6. I would argue that we are where we are because we’ve been soft on (the wrong kind of) crime. The death penalty isn’t going to keep drunks from pulling knives over a card game or junkies from knocking over a liquor store. But I can’t help thinking that the regular sight of a CEO dangling from a noose on the front steps of the New York Stock Exchange at high noon might have a salutary effect on some of our Galtian overlords.

  7. Brooks’ subtext:
    “I want to keep the current social order, but I want to continue to be able to write about how much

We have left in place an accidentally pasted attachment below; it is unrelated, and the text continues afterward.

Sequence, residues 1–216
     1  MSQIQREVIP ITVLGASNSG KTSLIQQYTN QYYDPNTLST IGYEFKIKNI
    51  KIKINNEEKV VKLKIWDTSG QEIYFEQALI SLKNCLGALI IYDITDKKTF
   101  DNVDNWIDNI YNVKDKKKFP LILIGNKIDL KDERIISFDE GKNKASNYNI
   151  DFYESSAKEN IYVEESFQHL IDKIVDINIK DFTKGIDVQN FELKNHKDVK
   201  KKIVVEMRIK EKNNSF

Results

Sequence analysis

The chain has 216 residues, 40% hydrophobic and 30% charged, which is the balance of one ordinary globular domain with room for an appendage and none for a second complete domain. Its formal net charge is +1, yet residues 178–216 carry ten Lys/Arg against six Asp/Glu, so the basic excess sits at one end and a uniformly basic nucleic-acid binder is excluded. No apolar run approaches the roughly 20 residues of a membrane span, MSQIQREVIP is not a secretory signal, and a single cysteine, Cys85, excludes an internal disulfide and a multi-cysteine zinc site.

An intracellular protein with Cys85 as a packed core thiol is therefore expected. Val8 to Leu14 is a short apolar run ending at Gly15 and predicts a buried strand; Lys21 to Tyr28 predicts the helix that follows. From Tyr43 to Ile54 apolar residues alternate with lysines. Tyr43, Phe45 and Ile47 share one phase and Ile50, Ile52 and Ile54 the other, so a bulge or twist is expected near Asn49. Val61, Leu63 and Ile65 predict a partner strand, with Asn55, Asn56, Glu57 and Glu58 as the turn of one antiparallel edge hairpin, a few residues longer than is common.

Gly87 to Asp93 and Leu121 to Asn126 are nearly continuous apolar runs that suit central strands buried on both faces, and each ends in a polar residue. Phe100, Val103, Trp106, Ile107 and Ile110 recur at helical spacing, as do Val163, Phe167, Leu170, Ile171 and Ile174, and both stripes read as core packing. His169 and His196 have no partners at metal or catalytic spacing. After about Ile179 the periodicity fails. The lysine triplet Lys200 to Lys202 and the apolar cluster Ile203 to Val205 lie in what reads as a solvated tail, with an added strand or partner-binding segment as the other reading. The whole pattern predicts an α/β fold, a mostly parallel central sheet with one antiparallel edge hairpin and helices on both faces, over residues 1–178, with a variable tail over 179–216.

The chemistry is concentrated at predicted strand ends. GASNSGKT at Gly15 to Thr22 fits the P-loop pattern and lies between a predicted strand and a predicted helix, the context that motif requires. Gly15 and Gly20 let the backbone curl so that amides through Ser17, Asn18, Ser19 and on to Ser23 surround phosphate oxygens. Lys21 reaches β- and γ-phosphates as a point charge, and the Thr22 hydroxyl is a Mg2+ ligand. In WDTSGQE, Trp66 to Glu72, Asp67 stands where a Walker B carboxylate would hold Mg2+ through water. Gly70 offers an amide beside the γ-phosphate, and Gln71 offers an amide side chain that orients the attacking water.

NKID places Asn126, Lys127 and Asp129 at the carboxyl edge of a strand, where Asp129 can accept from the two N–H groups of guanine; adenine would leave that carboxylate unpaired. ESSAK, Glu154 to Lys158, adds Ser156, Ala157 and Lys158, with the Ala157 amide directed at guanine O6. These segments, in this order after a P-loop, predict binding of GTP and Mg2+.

I really do understand Bruce Springsteen without people guffawing in my face every time!”

  8. In my younger and more vulnerable years my father gave me some advice that I’ve been turning over in my mind ever since.
    “Whenever you feel like criticizing any one,” he told me, “just remember that all the people in this world haven’t had the advantages that you’ve had.”

    That does it. We’re all going to have to re-read this one between now and the election.